It would also be contrary to and require the disregard of the judicially recognized and obvious underwriting purpose of such policy provisions, which is to protect the insurer from a situation where the insured could purchase one policy for a described vehicle and be covered by the same policy without qualification while operating any and all other automobiles under his control or available for his use. Lincombe v. State Farm Mutual Automobile Insurance Co., et al., La.App., 166 So.2d 920, 924; Rodenkirk for Use of Deitenbach v. State Farm Mutual Automobile Insurance Co., 325 Ill.App. 421, 60 N.E.2d 269, 274; and Glisson v. State Farm Mutual Automobile Insurance Co., 246 S.C. 76, 142 S.E.2d 447, 451.
On this issue of alleged ambiguity in the definition of a non-owned automobile, as contained in the policy, we find in favor of the appellee and hold that the policy excludes from coverage a non-owned automobile that was 'furnished or available for the regular use * * * of the named insured.' For a detailed analysis of several cases involving the interpretation and construction of similar standard automobile liability provisions, see Quesenberry v. Nichols, 208 Va. 667, 159 S.E.2d 636 (1968).
The trial court determined that the Volkswagen vehicle involved in the accident did not come within the policy definition of 'non-owned automobiles' because it was 'furnished or available for the regular use of the insured.' Appellant contends that this finding on a factual issue is error in that it 'was not supported by substantial evidence, or alternatively was against the clear weight of the evidence.' Brief reference to the pertinent stipulated facts will necessarily be made.
At the time of the accident the insured (Appleby) was an assistant to the pastor of the Ferguson Church of the Nazarene. The church operated a parochial school in conjunction with its other functions. In connection with its operation of the parochial school, the church provided school bus transportation for those children who requested it, on either a monthly fee or donation basis. For this purpose the church owned and maintained two Volkswagen vehicles which were driven by hired chauffeurs over scheduled routes. The vehicle here involved was so used to transport school children and occasionally for other church functions. The church had regulations that the vehicles could not be used for other purposes. Appleby was a licensed chauffeur and as one of his duties of employment drove one of these vehicles, on a temporary or fill-in basis, in the absence of the regular driver. Such substitute driving occurred quite frequently-- sometimes two or three days a week. Appleby had never used the vehicle for personal or private purposes, or for any purpose other than stated. On the day involved, and at the time of the accident, he was driving the vehicle over a regular route, returning to the church after completing delivery of the children to their homes from the school session. On that particular route the vehicle ran three times a day, and Appleby had driven it over that route 'very, very often' prior to that day.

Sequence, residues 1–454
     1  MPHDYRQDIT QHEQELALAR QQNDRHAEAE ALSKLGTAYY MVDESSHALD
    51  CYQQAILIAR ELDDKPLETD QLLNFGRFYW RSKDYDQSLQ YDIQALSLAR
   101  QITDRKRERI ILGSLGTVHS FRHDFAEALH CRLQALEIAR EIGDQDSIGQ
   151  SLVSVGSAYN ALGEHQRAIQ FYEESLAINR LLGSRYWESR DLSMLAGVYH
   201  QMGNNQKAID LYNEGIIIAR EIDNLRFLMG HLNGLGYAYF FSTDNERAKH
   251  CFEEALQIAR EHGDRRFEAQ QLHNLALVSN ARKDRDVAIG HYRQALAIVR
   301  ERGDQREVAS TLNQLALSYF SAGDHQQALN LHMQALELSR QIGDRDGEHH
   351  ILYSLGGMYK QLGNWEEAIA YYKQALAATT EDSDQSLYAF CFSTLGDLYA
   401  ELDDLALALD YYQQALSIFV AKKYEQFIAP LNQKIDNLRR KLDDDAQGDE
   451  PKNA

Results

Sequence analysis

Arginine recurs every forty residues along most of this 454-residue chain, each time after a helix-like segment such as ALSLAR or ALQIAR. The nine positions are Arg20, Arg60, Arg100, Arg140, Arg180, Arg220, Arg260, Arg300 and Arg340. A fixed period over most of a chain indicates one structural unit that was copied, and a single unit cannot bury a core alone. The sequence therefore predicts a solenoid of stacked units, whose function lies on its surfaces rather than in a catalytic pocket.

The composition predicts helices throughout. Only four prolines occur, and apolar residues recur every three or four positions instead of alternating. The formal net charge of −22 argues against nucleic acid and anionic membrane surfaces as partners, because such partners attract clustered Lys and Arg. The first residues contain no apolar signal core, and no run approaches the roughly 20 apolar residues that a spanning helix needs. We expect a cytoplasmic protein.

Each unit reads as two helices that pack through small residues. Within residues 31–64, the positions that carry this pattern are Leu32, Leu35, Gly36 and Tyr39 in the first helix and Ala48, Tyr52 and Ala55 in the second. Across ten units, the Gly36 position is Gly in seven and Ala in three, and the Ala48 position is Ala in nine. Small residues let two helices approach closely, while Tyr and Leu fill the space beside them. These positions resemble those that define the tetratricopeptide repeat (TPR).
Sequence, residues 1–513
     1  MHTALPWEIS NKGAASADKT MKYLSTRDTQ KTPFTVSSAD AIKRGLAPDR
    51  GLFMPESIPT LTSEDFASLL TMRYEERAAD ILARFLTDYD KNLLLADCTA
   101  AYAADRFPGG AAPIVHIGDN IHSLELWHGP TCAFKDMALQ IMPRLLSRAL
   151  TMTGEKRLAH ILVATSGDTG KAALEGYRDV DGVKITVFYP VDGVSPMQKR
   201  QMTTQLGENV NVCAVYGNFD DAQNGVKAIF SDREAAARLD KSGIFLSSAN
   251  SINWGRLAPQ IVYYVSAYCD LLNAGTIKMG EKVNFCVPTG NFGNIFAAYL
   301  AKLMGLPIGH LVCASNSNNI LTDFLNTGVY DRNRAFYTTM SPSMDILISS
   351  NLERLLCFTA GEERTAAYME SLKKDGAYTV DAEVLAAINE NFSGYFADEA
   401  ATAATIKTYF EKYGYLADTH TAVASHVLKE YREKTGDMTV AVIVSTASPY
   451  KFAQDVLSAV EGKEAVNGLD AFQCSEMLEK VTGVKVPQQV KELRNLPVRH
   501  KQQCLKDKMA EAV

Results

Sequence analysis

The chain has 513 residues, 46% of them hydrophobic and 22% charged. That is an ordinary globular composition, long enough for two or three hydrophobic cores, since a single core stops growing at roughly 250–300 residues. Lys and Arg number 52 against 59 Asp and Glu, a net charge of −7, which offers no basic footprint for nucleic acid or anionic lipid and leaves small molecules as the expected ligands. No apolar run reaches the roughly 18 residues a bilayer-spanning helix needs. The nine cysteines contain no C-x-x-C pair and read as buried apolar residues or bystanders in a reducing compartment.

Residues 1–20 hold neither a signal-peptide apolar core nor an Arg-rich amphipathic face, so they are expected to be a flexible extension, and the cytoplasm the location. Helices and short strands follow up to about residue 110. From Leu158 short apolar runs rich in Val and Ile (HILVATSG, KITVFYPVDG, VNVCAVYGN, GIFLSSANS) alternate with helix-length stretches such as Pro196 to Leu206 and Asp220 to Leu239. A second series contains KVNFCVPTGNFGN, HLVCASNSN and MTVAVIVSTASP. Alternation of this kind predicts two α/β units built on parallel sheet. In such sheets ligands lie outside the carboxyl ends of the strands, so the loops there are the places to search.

We have no hesitancy in expressing complete agreement with the trial court that such non-owned vehicle was excluded from coverage under the policy because it was 'furnished or available for the regular use of the insured.' This apparently is a common provision of standard automobile liability insurance contracts, from which has arisen a substantial amount of litigation, not because of any ambiguity in the provision itself, but because each case necessarily depends upon the facts of the situation, and there is obviously no single or exclusive criteria or test which will conclusively determine the issue.
In Hartford Accident & Indemnity Company v. Hiland et al., 349 F.2d 376 (7 Cir. 1965), a declaratory judgment action involving an exclusionary provision almost identical to that involved herein, the court stated, at page 377:
'It is true that the term 'regular use' may be used in the sense of time, for example, steady as opposed to occasional; or in the sense of type of use, usual as against unusual. But the courts have found no great difficulty in reasonably interpreting the term in applying it to differing facts in various cases.'
In Voelker v. Travelers Indemnity Company, 260 F.2d 275 (7 Cir. 1958), the plaintiff was a national guardsman on annual active duty when he was involved in an accident while driving a National Guard truck. He brought a declaratory judgment action against the liability insurer of his personal automobile under a policy with an insuring agreement extending coverage 'to any other automobile,' but with an exclusionary provision similar to that before us. In arriving at the conclusion that the defendant-insurer was free from liability under the exclusion clause, that court stated, at page 278: